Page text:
Judge dismisses Vindman witness intimidation suit against Trump Jr., Giuliani

A federal judge on Tuesday dismissed a lawsuit brought by retired Army Lt. Col. Alexander Vindman that accused former President Trump’s eldest son Donald Trump Jr., Trump ally Rudy Giuliani and others of witness intimidation and retaliation related to Vindman’s congressional testimony against the former president.

The 29-page ruling was issued by Judge James Boasberg, an Obama appointee to the U.S. District Court in Washington, D.C. He said Vindman’s complaint failed to make an adequate showing that the defendants conspired against him.

“Plaintiff’s pled facts, taken as true, certainly suggest that Defendants leveled harsh, meanspirited, and at times misleading attacks against him,” Boasberg wrote. “But political hackery alone does not violate [the law at issue].”

Vindman gained national prominence in 2019 after he testified about a phone call in which Trump was alleged to have offered a quid pro quo to the president of Ukraine, a phone call which led to Trump’s first impeachment.

The alleged deal involved an exchange of U.S. military aid for an investigation into then-Democratic presidential candidate Joe Biden’s son, Hunter Biden, and his ties to Ukrainian businesses during the run-up to the 2020 presidential election.

Vindman was serving as director for European affairs at the National Security Council (NSC) at the time of Trump’s July 2019 phone call with Ukrainian President Volodymyr Zelensky and promptly raised concerns about the discussion with the NSC’s lead counsel, leading to his eventual subpoena by Congress.

His lawsuit alleged that, following his subpoena, Vindman became the target of “a dangerous campaign of witness intimidation by President Trump and a group of conspirators” in an effort to deter him from testifying.

Among the defendants listed in the federal suit are Trump Jr. and Giuliani, as well as Trump advisers Dan Scavino and Julia Hahn.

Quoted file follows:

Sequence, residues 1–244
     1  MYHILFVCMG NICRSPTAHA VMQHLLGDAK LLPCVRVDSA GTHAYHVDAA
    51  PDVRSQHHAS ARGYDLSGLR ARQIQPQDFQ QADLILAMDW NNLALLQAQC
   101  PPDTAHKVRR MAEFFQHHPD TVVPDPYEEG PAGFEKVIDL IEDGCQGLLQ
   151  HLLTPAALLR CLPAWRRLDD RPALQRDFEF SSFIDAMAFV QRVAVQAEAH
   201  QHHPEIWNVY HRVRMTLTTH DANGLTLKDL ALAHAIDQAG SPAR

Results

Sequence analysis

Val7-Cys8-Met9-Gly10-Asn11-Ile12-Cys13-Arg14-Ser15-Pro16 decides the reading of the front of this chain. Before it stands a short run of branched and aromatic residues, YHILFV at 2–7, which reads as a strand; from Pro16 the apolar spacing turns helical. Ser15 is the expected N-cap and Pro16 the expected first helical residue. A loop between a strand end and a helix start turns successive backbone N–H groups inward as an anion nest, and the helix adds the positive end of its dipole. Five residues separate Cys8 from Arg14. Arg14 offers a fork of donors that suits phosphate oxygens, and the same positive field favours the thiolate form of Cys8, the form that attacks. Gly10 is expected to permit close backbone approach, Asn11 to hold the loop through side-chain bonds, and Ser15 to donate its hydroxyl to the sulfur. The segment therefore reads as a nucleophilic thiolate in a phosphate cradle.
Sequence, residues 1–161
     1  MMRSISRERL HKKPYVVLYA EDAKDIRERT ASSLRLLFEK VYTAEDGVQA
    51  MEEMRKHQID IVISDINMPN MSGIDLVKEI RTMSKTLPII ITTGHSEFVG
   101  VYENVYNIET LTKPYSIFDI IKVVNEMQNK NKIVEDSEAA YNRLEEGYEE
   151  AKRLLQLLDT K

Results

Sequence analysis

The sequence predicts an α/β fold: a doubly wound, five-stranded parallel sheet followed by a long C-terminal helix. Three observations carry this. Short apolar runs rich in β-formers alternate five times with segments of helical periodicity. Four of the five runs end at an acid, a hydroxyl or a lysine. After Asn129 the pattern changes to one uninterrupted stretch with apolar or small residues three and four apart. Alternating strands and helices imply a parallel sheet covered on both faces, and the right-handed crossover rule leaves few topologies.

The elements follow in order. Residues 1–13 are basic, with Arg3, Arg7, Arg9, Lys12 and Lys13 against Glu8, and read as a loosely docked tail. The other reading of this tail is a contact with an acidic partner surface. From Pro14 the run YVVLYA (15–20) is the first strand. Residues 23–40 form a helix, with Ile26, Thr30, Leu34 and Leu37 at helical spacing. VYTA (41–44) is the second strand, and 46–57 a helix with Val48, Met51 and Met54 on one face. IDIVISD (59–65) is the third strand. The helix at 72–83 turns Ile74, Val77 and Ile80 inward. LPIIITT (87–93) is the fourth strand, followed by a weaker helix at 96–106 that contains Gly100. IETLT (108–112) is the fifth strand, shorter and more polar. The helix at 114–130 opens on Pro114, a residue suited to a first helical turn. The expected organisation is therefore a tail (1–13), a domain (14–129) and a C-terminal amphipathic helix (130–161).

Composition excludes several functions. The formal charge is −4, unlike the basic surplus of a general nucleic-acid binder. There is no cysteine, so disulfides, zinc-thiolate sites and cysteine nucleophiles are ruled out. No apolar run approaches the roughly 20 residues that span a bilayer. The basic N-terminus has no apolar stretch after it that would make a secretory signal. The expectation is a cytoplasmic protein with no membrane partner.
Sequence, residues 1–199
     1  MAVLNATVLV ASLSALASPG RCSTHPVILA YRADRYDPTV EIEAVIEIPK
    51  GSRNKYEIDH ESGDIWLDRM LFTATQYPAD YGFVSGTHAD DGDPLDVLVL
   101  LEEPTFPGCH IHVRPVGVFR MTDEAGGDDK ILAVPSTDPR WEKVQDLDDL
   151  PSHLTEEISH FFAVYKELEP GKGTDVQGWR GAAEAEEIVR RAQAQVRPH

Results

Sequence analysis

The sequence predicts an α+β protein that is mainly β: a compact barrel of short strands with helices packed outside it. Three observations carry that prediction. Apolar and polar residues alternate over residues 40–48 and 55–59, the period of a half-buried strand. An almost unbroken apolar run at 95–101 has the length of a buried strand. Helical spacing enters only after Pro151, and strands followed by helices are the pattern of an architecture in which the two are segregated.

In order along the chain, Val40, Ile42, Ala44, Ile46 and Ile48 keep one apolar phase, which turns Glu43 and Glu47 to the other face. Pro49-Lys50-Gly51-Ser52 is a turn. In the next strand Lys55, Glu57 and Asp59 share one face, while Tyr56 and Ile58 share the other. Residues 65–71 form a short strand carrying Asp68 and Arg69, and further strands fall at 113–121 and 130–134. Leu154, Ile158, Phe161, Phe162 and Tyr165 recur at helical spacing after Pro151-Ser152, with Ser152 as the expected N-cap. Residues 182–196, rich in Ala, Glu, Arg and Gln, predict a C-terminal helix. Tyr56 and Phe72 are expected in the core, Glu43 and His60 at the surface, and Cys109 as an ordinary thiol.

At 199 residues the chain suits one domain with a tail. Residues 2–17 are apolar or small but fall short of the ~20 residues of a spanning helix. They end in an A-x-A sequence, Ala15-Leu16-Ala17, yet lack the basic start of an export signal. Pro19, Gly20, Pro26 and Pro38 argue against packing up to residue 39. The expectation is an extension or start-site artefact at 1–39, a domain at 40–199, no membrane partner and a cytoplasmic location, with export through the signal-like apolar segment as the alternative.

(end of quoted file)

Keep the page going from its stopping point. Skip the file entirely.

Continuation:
In his Tuesday ruling, Boasberg dismissed the litigation against all the defendants.

“While it is a fairly close question,” he wrote, “Vindman’s facts do not plausibly suggest that Defendants agreed to intimidate him so as to prevent him from testifying or doing his job, or to unlawfully retaliate against him.”

Vindman’s suit claimed Trump’s allies retaliated against him by temporarily blocking his promotion in the Army and abruptly removing him and his twin brother, Yevgeny Vindman, from their White House posts. His complaint alleged two counts of violating federal law prohibiting conspiracy to intimidate and retaliate against a witness.

Vindman, who immigrated to the U.S. from the Soviet Union as a child, had been a star impeachment witness against Trump, providing testimony before Congress that included a viral moment in which he described telling his father not to worry about the risks involved in his bearing witness against a sitting American president.

“He deeply worried about it because in his context, there was the ultimate risk,” Vindman said at the time. He later added, “This is America. This is the country I’ve served and defended. That all of my brothers have served. Here, right matters.”

Trump’s first impeachment, which centered on his dealings with Ukraine, ended in acquittal after a nearly party-line vote by the Republican-controlled Senate.

Harmeet Dhillon, who represented Trump Jr. and Scavino in the case, hailed the ruling.

“We’re gratified that the court accepted our arguments that even taken as pled, the allegations made by Alex Vindmann, do not violate his civil rights,” Dhillon said. “Harsh political criticism is still allowed in America.”

An attorney for Protect Democracy, which worked with Vindman on the case, expressed disappointment with the decision.

“While we are disappointed by the court’s decision and are considering next steps, we have no doubt that it was right for Lt. Col. Vindman to seek accountability in court for the coordinated campaign of intimidation and retaliation waged against him because he honored his oath as a public servant,” the counsel, Kristy Parker, said in a statement.

Updated at the 8:54 p.m.

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